& Disentangling the heterogeneity of autism spectrum disorder through genetic findings. Nat. Rev. Neurol. 10, 74–81 (2014).

  26. 26.

    & The genetics of major depression. Neuron 81, 484–503 (2014).

  27. 27.

    & Heterogeneity of autoimmune diseases: pathophysiologic insights from genetics and implications for new therapies. Nat. Med. 21, 730–738 (2015).

  28. 28.

    et al. The NHGRI GWAS Catalog, a curated resource of SNP–trait associations. Nucleic Acids Res. 42, D1001–D1006 (2014).

  29. 29.

    et al. Genetic variants at CD28, PRDM1 and CD2/CD58 are associated with rheumatoid arthritis risk. Nat. Genet. 41, 1313–1318 (2009).

  30. 30.

    et al. High-density genetic mapping identifies new susceptibility loci for rheumatoid arthritis. Nat. Genet. 44, 1336–1340 (2012).

  31. 31.

    International HapMap Consortium. The International HapMap Project. Nature 426, 789–796 (2003).

  32. 32.

    et al. Shared and distinct genetic variants in type 1 diabetes and celiac disease. N. Engl. J. Med. 359, 2767–2777 (2008).

  33. 33.

    et al. A meta-analysis of genome-wide association scans identifies IL18RAP, PTPN2, TAGAP, and PUS10 as shared risk loci for Crohn's disease and celiac disease. PLoS Genet. 7, e1001283 (2011).

  34. 34.

    et al. Meta-analysis of genome-wide association studies in celiac disease and rheumatoid arthritis identifies fourteen non-HLA shared loci. PLoS Genet. 7, e1002004 (2011).

  35. 35.

    et al. Host–microbe interactions have shaped the genetic architecture of inflammatory bowel disease. Nature 491, 119–124 (2012).

  36. 36.

    & Immune-mediated disease genetics: the shared basis of pathogenesis. Trends Immunol. 34, 22–26 (2013).

  37. 37.

    et al. Fine mapping of type 1 diabetes susceptibility loci and evidence for colocalization of causal variants with lymphoid gene enhancers. Nat. Genet. 47, 381–386 (2015).

  38. 38.

    et al. Fine mapping seronegative and seropositive rheumatoid arthritis to shared and distinct HLA alleles by adjusting for the effects of heterogeneity. Am. J. Hum. Genet. 94, 522–532 (2014).

  39. 39.

    Schizophrenia Working Group of the Psychiatric Genomics Consortium. Biological insights from 108 schizophrenia-associated genetic loci. Nature 511, 421–427 (2014).

  40. 40.

    et al. A mega-analysis of genome-wide association studies for major depressive disorder. Mol. Psychiatry 18, 497–511 (2013).

  41. 41.

    & Genetic basis of complex genetic disease: the contribution of disease heterogeneity to missing heritability. Curr. Epidemiol. Rep. 1, 220–227 (2014).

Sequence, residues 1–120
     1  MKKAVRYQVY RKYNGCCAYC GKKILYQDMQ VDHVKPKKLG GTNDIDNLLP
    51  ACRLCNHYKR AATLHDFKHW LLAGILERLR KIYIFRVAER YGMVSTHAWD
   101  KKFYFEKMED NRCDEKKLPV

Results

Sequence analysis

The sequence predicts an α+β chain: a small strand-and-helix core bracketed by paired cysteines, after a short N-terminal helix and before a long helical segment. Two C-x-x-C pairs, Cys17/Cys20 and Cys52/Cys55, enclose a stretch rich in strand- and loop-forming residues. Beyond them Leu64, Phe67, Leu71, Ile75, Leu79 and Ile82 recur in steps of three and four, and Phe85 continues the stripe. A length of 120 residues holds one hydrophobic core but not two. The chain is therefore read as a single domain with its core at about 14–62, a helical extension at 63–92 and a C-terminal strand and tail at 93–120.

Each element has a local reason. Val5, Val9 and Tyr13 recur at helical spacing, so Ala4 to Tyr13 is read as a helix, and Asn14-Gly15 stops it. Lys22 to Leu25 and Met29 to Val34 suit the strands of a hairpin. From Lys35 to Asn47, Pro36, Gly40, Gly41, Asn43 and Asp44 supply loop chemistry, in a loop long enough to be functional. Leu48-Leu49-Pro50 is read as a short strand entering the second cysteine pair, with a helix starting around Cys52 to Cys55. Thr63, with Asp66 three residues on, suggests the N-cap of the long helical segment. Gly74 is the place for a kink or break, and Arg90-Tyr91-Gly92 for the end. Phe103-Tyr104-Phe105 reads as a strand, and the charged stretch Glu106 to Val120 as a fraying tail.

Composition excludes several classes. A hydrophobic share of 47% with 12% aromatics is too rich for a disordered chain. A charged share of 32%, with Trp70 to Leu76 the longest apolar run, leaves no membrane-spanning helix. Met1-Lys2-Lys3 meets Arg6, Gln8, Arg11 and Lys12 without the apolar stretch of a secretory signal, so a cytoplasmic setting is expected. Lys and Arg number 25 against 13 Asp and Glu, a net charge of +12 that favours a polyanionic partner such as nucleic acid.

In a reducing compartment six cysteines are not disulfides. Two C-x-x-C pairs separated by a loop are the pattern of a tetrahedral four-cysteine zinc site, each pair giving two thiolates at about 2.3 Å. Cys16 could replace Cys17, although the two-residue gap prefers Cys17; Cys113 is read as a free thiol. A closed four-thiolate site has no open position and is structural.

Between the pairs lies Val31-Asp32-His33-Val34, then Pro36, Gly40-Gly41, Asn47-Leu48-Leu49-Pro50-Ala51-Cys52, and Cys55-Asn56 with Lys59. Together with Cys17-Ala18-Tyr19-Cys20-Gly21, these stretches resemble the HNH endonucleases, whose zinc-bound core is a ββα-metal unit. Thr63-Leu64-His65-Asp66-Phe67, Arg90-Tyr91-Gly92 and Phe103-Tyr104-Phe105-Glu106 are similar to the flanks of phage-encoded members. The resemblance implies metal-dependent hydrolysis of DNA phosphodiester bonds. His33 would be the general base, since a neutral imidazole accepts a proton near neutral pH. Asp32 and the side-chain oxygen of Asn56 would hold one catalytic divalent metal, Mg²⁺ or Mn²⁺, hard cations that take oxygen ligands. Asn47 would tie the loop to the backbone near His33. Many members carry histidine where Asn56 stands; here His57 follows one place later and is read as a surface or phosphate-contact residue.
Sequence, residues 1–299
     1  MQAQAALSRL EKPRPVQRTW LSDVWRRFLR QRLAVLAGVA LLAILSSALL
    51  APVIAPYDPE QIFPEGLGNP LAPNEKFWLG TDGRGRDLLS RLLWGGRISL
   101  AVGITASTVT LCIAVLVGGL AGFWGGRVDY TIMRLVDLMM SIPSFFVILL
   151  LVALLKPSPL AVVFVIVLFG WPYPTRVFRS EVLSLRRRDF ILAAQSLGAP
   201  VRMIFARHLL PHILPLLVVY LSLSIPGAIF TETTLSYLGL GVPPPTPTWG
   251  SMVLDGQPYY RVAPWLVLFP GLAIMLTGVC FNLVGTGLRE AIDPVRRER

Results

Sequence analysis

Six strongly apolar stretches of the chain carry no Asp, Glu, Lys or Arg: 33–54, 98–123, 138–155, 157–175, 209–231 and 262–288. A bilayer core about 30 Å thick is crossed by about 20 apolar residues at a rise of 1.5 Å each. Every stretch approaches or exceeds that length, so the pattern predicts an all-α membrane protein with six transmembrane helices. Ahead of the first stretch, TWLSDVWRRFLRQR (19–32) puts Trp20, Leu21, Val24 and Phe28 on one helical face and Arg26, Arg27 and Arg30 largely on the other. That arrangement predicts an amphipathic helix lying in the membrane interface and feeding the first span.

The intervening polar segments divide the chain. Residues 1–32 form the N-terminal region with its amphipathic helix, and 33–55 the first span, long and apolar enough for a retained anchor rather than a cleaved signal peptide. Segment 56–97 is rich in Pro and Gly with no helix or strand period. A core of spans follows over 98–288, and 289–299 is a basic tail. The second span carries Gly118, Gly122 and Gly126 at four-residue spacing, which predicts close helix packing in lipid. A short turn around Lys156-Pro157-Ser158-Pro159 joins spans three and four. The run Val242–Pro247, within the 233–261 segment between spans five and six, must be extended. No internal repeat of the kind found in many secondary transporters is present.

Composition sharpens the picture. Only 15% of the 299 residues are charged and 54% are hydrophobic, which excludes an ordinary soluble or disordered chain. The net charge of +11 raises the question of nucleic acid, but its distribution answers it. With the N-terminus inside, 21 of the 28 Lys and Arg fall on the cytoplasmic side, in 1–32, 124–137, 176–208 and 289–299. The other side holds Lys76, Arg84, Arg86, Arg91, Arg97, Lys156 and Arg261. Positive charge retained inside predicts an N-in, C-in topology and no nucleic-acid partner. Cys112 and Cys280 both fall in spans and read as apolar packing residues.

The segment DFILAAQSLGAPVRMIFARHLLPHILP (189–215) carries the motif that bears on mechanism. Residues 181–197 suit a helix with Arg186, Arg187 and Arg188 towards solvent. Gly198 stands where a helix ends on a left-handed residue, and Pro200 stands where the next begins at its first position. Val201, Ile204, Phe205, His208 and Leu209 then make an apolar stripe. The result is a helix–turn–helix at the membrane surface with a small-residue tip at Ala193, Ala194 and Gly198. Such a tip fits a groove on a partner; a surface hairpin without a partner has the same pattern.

42. 42.

    An asymptotic χ2 test for the equality of two correlation matrices. J. Am. Stat. Assoc. 65, 904–912 (1970).

  43. 43.

    , & Regression analysis of multivariate incomplete failure time data by modeling marginal distributions. J. Am. Stat. Assoc. 84, 1065–1073 (1989).

  44. 44.

    & Meta-analysis of genome-wide association studies with overlapping subjects. Am. J. Hum. Genet. 85, 862–872 (2009).

  45. 45.

    et al. PLINK: a tool set for whole-genome association and population-based linkage analyses. Am. J. Hum. Genet. 81, 559–575 (2007).

Download references

Acknowledgements

This work was supported in part by funding from the US National Institutes of Health (NIH) (1R01AR063759 (S.R.), 1R01AR062886 (S.R.), 1UH2AR067677-01 (S.R.), and U19AI111224-01 (S.R.)) and Doris Duke Charitable Foundation grant 2013097. B.H. is supported by the Asan Institute for Life Sciences, Asan Medical Center, Seoul, Republic of Korea (2016-0717) and the Korean Health Technology R&D Project, Ministry of Health and Welfare, Republic of Korea (HI14C1731). J.G.P. is supported by Fulbright Canada, the Weston Foundation, and Brain Canada through the Canada Brain Research Fund. K.S. is supported by an NIH training grant (T32HG002295). N.R.W. is supported by the Australian National Health and Medical Research Council (1087889 and 1078901). This research uses resources provided by the Type 1 Diabetes Genetics Consortium, a collaborative clinical study sponsored by the National Institute of Diabetes and Digestive and Kidney Diseases (NIDDK), National Institute of Allergy and Infectious Diseases (NIAID), National Human Genome Research Institute (NHGRI), National Institute of Child Health and Human Development (NICHD), and Juvenile Diabetes Research Foundation International (JDRF) and supported by grant U01DK062418.

Author information

Author notes

    • Buhm Han
    •  & Jennie G Pouget

    These authors contributed equally to this work.

Affiliations

  1. Department of Medicine, Brigham and Women's Hospital and Harvard Medical School, Boston, Massachusetts, USA.

    • Buhm Han
    • , Jennie G Pouget
    • , Kamil Slowikowski
    • , Dorothee Diogo
    • , Xinli Hu
    •  & Soumya Raychaudhuri
  2. Department of Convergence Medicine, University of Ulsan College of Medicine and Asan Institute for Life Sciences, Asan Medical Center, Seoul, Republic of Korea.

    • Buhm Han
  3. Program in Medical and Population Genetics, Broad Institute of MIT and Harvard, Cambridge, Massachusetts, USA.

    • Buhm Han
    • , Kamil Slowikowski
    • , Dorothee Diogo
    • , Xinli Hu
    •  & Soumya Raychaudhuri